JACKSONTOWN - Hikers or shutterbugs unable to find vivacious fall colors this season shouldn’t take it personally, said Mike Ecker, Dawes Arboretum’s director of horticulture. “This is a pathetic year,” he said. Ecker said the unbelievably dry summer— the area’s roughly three inches of rainfall short—caused trees great stress. “They’re shutting down for the lack of moisture,” said Ecker. “They don’t want to lose more water.” He explained that during dr y seasons, deciduous trees jettison their leaves prematurely, which makes for a very dull autumn. “Many are bare,” he said.
Ecker said entering into winter dry is really tough on trees, even (and maybe especially) evergreens. “Evergreens can be really hard hit,” he said. Ecker said if this were a normal rainfall year, trees would be in full color right now. Some places with damp soil are experiencing full color, “but those are few and far between,” he said. Determined fall color hunters can find bright individual trees, but Ecker doubts anyone will have much luck the rest of this year finding local groves full of red and yellow leaves.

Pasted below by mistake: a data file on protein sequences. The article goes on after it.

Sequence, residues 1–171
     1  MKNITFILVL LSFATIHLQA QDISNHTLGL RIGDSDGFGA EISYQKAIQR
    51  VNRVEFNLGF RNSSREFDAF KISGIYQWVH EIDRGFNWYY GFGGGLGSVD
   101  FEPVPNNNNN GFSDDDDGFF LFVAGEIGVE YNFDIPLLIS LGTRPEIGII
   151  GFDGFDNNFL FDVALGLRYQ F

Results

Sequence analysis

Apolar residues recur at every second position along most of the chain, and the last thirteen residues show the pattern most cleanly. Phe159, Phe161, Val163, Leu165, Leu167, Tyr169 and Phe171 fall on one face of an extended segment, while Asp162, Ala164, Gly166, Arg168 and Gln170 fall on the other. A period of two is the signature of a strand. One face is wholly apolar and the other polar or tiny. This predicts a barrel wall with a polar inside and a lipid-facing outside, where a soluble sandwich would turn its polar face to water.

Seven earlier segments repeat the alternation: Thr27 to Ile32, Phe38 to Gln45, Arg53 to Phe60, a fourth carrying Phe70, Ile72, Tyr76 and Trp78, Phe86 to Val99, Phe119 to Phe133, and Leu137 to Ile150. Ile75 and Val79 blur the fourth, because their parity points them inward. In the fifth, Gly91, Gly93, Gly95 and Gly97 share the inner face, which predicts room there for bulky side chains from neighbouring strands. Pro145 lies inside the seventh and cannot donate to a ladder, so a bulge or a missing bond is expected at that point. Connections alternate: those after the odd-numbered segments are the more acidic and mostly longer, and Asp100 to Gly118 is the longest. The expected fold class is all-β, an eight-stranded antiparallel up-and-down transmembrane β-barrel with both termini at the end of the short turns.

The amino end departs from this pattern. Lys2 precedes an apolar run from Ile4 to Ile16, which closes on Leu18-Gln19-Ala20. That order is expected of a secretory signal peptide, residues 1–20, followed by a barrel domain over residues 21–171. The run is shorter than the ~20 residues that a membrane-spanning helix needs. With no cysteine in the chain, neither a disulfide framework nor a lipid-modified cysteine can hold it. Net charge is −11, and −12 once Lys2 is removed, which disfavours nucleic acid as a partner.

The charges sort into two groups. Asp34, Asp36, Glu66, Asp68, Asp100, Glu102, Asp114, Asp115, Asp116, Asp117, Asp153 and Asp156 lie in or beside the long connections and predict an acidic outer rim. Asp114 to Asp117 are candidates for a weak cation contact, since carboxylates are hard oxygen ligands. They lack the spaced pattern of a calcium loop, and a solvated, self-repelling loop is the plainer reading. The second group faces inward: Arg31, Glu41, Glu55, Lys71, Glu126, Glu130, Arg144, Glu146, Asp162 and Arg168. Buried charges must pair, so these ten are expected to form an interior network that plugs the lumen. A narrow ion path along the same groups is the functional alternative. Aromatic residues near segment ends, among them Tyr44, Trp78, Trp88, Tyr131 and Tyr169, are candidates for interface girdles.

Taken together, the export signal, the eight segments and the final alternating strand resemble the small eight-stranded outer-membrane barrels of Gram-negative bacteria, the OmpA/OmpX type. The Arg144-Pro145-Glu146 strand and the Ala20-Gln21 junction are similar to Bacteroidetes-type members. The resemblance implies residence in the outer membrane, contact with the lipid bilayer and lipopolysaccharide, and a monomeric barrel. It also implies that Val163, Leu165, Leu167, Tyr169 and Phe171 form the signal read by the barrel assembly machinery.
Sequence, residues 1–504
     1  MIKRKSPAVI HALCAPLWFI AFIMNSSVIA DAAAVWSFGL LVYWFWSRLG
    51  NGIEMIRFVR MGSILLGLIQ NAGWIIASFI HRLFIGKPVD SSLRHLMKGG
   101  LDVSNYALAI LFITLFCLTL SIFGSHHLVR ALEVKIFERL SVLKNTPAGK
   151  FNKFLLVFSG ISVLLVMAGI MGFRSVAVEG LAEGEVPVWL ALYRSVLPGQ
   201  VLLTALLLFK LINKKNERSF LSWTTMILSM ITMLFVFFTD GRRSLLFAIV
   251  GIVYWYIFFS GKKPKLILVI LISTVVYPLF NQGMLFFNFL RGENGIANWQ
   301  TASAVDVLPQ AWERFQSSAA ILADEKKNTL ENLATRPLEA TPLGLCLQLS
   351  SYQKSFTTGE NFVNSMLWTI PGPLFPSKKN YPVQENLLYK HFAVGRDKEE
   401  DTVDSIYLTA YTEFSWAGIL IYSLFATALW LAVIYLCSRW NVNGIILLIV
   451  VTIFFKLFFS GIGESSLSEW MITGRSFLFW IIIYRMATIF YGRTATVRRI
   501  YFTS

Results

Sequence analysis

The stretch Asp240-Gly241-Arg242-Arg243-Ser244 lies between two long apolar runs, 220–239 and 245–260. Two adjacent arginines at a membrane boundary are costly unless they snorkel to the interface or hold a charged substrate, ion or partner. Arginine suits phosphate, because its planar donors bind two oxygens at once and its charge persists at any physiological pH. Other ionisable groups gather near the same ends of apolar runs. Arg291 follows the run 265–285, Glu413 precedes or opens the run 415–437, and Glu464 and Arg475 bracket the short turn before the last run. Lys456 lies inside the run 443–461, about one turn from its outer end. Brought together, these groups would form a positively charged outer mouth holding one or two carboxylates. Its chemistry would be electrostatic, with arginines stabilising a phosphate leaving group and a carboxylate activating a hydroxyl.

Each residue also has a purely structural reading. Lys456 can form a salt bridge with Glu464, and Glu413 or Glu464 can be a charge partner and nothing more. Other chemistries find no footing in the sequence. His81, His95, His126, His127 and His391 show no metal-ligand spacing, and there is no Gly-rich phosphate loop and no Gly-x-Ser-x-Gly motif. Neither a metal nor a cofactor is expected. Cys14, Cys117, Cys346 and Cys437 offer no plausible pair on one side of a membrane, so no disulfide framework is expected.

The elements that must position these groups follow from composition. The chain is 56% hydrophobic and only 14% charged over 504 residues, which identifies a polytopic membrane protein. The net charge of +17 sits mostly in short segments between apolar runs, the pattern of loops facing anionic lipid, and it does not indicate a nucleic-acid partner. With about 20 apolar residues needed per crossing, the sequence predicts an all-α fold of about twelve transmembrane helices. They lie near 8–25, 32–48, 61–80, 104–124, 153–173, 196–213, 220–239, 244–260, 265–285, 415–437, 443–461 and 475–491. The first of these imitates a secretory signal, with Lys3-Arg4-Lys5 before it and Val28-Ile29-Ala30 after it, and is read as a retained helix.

Ecker said the Tulip and Katsura trees were early indicators of a lackluster autumn. Normally, both trees have brilliant leaves in early autumn and the Katsura even smalls like cotton candy—but not this year. “Think about it,” he said. “How long has it been since we had an all day rainfall?”
Cincinnati has experienced drought conditions for the last four years, which some oak trees haven’t survived. Ecker hopes the Central Ohio climate isn’t going in the same direction, but he’s worried it might be. “Last year, we were watering our annuals in May,” he said. “I’ve never seen that before.”